Here are 10 interesting facts about the Red Velvet Mites (Trombidium Holosericeum):
- Classification: Red Velvet Mites are arachnids. They belong to the class Arachnida, which includes spiders, scorpions, ticks, and of course… mites. Arachnids are characterized by having eight legs, two main body segments (cephalothorax and abdomen), and no antennae. Red Velvet Mites share these characteristics and are part of the diverse arachnid family.
- Appearance: The Red Velvet Mites are known for their striking appearance, with a bright red or orange velvety bodies that are covered in fine hairs. It’s these fine hairs that give the mites a velvety appearance. This distinctive coloration serves as a warning to potential predators, and sets them apart from many other mites. Red Velvet Mites, like other mites, do not possess antennae. Instead, they have specialized structures called sensory setae or sensilla that help them detect their environment. You can see the mite I filmed vigorously swinging his sensilla hither and thither to gather information about environment it’s in.
- Size: Despite their vivid appearance, these mites are quite small, typically ranging from 1 to 2 millimeters in length, but can grow as large as 5 millimeters. At that size, they are visible to the naked eye.
- Habitat: Red Velvet Mites live in various terrestrial habitats, such as grasslands, gardens, and forests. A keen observer can spot them crawling on the ground or on low vegetation, moss, leaf litter, or bare soil. And trail cameras, apparently.
- Diet: Red Velvet Mites are predators, and are particularly skilled at capturing and consuming small arthropods found in their habitat. They are known to be beneficial in controlling populations of certain pests, like aphids and harmful mites. They are active hunters and use their specialized mouthparts to pierce and suck the bodily fluids of their prey.
- Lifecycle: The life cycle of red velvet mites (Trombidium holosericeum) typically consists of several stages:
- Egg: The life cycle begins with the laying of eggs by adult female mites. These eggs are usually deposited in the soil or leaf litter.
- Larva: After an incubation period, the eggs hatch into larvae. The larvae are typically six-legged and are known as “seed ticks.” They are very small and actively search for prey to feed on.
- Nymph: Once the larvae have fed and grown, they molt into nymphs. Nymphs have eight legs and resemble miniature versions of adult mites. They continue to feed on small arthropods or insects.
- Adult: After further molting, the nymphs develop into adult red velvet mites. The adults have a distinct red or orange coloration and are larger in size. They are sexually mature and engage in mating to reproduce.
The exact duration of each stage can vary depending on environmental conditions, such as temperature and food availability. The life cycle of red velvet mites is generally completed within a few weeks to a few months, depending on the species and environmental factors.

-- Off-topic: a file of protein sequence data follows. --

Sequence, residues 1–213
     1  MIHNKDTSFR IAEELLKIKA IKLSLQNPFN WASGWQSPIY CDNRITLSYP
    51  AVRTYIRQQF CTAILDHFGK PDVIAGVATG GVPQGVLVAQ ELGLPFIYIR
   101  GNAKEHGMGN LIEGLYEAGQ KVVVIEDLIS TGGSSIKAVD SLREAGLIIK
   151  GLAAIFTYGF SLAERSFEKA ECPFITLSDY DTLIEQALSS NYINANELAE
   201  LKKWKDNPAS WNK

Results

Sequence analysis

- Temporary Parasites: The larvae of Red Velvet Mites are parasitic and often attach themselves to insects such as beetles, grasshoppers, or spiders as temporary ectoparasites. Ectoparasites are organisms that live on the exterior of their host’s body, as opposed to endoparasites that live inside the host’s body. And they are temporary because the parasitic relationship between the Red Velvet Mite larvae and their host is not a permanent one. While attached, they feed on the bodily fluids of their host. After feeding, they drop to the ground to continue their development. The host is not seriously harmed by their parasitism.
- Mating Rituals: Red Velvet Mites engage in intricate mating rituals. These can include the male tapping the female’s body with his legs, producing vibrations, and releasing pheromones to attract her. During courtship, the male may also engage in a dance-like display, where he moves in specific patterns around the female. This display is believed to be a way for the male to showcase his fitness and attractiveness to the female. And males may offer gifts to females as part of the mating process. This behavior, known as nuptial feeding, is observed in various species of mites and insects. The male presents a food item or a spermatophore (a package containing sperm) to the female as a form of courtship or to enhance his chances of successful mating. This behavior is believed to provide nutritional benefits to the female and increase her receptivity to mating. Mating typically occurs on the ground, and the female lays eggs in the soil.
- Distribution: This species of mite has a wide distribution and can be found in various parts of the world. They are known to occur in regions of Europe, Asia, North America, and Africa. Specifically, they have been reported in countries such as the United Kingdom, Germany, Russia, China, India, United States, Canada, and South Africa, among others. However, it’s important to note that their distribution may vary within these regions, as they are influenced by factors such as habitat suitability and availability of prey.
- Slow Movement: Despite having eight legs, Red Velvet Mites move slowly. They are not as agile as some other arachnids and are more commonly observed crawling along the ground.